Automatic identification of notifiable diseases from electronic medical records can potentially improve the timeliness and completeness of public health surveillance. We describe the development and implementation of an algorithm for prospective surveillance of patients with acute hepatitis B using electronic medical record data.
Initial algorithms were created by adapting Centers for Disease Control and Prevention diagnostic criteria for acute hepatitis B into electronic terms. The algorithms were tested by applying them to ambulatory electronic medical record data spanning 1990 to May 2006. A physician reviewer classified each case identified as acute or chronic infection. Additional criteria were added to algorithms in serial fashion to improve accuracy. The best algorithm was validated by applying it to prospective electronic medical record data from June 2006 through April 2008. Completeness of case capture was assessed by comparison with state health department records.
A final algorithm including a positive hepatitis B specific test, elevated transaminases and bilirubin, absence of prior positive hepatitis B tests, and absence of an ICD9 code for chronic hepatitis B identified 112/113 patients with acute hepatitis B (sensitivity 97.4%, 95% confidence interval 94–100%; specificity 93.8%, 95% confidence interval 87–100%). Application of this algorithm to prospective electronic medical record data identified 8 cases without false positives. These included 4 patients that had not been reported to the health department. There were no known cases of acute hepatitis B missed by the algorithm.
Citation: Klompas M, Haney G, Church D, Lazarus R, Hou X, Platt R (2008) Automated Identification of Acute Hepatitis B Using Electronic Medical Record Data to Facilitate Public Health Surveillance. PLoS ONE 3(7): e2626. doi:10.1371/journal.pone.0002626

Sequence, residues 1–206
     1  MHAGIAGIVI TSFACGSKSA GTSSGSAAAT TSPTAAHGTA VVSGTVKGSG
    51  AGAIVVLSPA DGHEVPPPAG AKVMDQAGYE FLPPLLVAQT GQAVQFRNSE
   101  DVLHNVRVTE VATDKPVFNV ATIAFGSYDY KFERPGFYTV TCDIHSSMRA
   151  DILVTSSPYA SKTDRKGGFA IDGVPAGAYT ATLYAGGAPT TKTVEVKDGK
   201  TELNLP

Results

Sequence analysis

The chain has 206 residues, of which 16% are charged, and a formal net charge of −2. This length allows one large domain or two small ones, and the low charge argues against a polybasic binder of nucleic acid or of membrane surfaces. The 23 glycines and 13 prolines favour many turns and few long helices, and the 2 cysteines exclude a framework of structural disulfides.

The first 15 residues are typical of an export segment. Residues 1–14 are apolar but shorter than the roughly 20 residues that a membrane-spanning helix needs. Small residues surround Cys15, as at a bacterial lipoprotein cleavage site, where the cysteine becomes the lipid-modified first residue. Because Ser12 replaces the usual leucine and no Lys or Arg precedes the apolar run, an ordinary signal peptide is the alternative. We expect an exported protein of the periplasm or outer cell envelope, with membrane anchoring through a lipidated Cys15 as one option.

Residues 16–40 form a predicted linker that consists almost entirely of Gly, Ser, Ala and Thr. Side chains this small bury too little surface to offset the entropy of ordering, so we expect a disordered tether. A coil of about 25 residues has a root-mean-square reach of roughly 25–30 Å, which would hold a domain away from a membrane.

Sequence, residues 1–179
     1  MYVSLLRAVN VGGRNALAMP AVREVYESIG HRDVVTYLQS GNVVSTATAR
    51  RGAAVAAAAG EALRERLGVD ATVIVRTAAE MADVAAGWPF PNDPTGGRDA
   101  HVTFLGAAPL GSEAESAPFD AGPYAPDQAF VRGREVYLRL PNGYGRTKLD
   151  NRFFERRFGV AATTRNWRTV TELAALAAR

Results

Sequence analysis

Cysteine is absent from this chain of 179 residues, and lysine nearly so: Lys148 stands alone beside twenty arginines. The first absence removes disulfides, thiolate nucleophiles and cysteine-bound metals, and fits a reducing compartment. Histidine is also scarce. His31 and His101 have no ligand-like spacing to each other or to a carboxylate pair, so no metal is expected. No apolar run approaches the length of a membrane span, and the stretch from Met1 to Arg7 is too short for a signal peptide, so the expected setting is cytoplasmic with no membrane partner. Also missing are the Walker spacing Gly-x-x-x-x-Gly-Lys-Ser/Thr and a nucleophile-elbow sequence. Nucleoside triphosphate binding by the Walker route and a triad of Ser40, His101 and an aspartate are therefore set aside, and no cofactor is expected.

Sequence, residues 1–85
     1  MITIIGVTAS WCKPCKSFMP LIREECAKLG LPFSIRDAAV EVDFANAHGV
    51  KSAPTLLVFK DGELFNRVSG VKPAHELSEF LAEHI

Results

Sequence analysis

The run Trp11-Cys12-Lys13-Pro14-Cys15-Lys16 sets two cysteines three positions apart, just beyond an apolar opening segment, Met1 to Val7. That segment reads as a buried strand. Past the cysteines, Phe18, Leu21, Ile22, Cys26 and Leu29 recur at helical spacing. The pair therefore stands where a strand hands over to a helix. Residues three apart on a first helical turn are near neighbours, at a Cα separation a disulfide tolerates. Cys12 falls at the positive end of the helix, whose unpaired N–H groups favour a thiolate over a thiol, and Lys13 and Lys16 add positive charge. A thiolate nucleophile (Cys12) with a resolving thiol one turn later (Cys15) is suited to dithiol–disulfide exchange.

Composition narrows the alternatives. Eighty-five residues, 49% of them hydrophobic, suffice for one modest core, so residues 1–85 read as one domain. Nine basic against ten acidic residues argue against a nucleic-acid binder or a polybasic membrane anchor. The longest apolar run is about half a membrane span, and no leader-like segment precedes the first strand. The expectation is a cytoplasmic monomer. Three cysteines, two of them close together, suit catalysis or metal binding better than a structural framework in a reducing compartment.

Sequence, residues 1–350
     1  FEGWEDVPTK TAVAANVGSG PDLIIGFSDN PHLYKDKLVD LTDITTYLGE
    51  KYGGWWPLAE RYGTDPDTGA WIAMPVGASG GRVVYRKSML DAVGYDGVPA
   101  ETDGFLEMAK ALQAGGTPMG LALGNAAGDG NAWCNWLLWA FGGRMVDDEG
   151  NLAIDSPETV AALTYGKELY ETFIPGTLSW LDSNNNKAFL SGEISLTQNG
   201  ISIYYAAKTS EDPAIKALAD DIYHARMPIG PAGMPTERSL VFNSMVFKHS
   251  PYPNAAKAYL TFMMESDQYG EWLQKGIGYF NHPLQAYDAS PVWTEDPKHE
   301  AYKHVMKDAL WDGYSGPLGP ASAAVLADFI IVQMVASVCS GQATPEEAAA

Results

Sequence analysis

Editor: Mary Ramsay, Health Protection Agency, United Kingdom
Received: April 24, 2008; Accepted: June 3, 2008; Published: July 9, 2008
Copyright: © 2008 Klompas et al. This is an open-access article distributed under the terms of the Creative Commons Attribution License, which permits unrestricted use, distribution, and reproduction in any medium, provided the original author and source are credited.
Funding: This work was supported by grant PH000238D from the Centers for Disease Control and Prevention. The funding organization had no role in the study design, data collection, analysis, interpretation, writing or submission of this manuscript.
Competing interests: The authors have declared that no competing interests exist.
Public health surveillance for notifiable diseases has traditionally relied upon clinicians to spontaneously report new diagnoses of relevant conditions. Clinician-initiated reporting, however, is often incomplete and delayed.,  Electronic laboratory reporting systems have improved both the volume and timeliness of reporting , , ,  but these systems have important limitations: they cannot report purely clinical diagnoses (such as culture-negative tuberculosis), indicate when a result is likely a false positive (such as positive hepatitis A IgM in an asymptomatic patient getting screening tests), nor render diagnoses that require integration of laboratory tests along with patient clinical data and prior test results (such as acute hepatitis B). The lack of specificity in electronic laboratory reporting increases workload for health departments compelled to investigate suggestive but non-specific lab results. In addition, electronic laboratory reporting systems do not report clinical data that can be crucial to guiding public health interventions such as patients' pregnancy status, prescribed treatments, and full contact information.
Electronic medical record systems are a promising new strategy to improve public health surveillance. These systems encode a wide array of clinical data including patient demographics, current and prior diagnoses, medication prescriptions, and laboratory results. These data might potentially be used to detect notifiable diseases that cannot be found by electronic laboratory reporting systems as well as to convey important information to public health authorities on patient demographics, clinical status, and prescribed treatments. Accurate identification of complex diagnoses from electronic medical records, however, requires the development of novel detection algorithms since diagnostic codes alone, such as International Classification of Diseases Ninth Revision codes (ICD9), are imprecise.,